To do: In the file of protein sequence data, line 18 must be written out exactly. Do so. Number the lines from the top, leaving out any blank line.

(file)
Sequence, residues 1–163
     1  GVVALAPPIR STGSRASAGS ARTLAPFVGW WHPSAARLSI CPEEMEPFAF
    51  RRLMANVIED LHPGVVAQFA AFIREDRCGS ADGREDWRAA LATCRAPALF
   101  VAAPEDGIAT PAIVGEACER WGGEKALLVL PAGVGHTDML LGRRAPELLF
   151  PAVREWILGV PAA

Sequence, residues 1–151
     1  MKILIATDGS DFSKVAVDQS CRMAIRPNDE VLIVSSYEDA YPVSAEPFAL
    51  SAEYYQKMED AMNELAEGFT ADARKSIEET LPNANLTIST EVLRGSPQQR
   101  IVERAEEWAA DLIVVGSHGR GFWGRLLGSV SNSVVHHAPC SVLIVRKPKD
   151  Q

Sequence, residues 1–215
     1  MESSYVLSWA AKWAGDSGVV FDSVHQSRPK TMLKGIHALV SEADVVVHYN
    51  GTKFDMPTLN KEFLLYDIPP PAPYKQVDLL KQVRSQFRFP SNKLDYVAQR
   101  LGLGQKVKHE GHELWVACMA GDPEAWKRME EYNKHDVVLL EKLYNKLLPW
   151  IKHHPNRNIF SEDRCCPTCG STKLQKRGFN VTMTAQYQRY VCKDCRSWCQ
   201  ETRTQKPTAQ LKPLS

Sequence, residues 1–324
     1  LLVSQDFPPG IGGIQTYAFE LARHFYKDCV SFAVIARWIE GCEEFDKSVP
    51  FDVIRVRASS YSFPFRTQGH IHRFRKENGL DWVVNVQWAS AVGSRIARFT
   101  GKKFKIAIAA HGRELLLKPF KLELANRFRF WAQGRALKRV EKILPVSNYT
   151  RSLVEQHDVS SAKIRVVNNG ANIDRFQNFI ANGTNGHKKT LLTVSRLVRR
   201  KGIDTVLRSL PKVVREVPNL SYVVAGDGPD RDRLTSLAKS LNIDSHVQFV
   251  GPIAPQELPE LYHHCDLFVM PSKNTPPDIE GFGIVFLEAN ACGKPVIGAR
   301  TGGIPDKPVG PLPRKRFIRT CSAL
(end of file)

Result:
     1  LLVSQDFPPG IGGIQTYAFE LARHFYKDCV SFAVIARWIE GCEEFDKSVP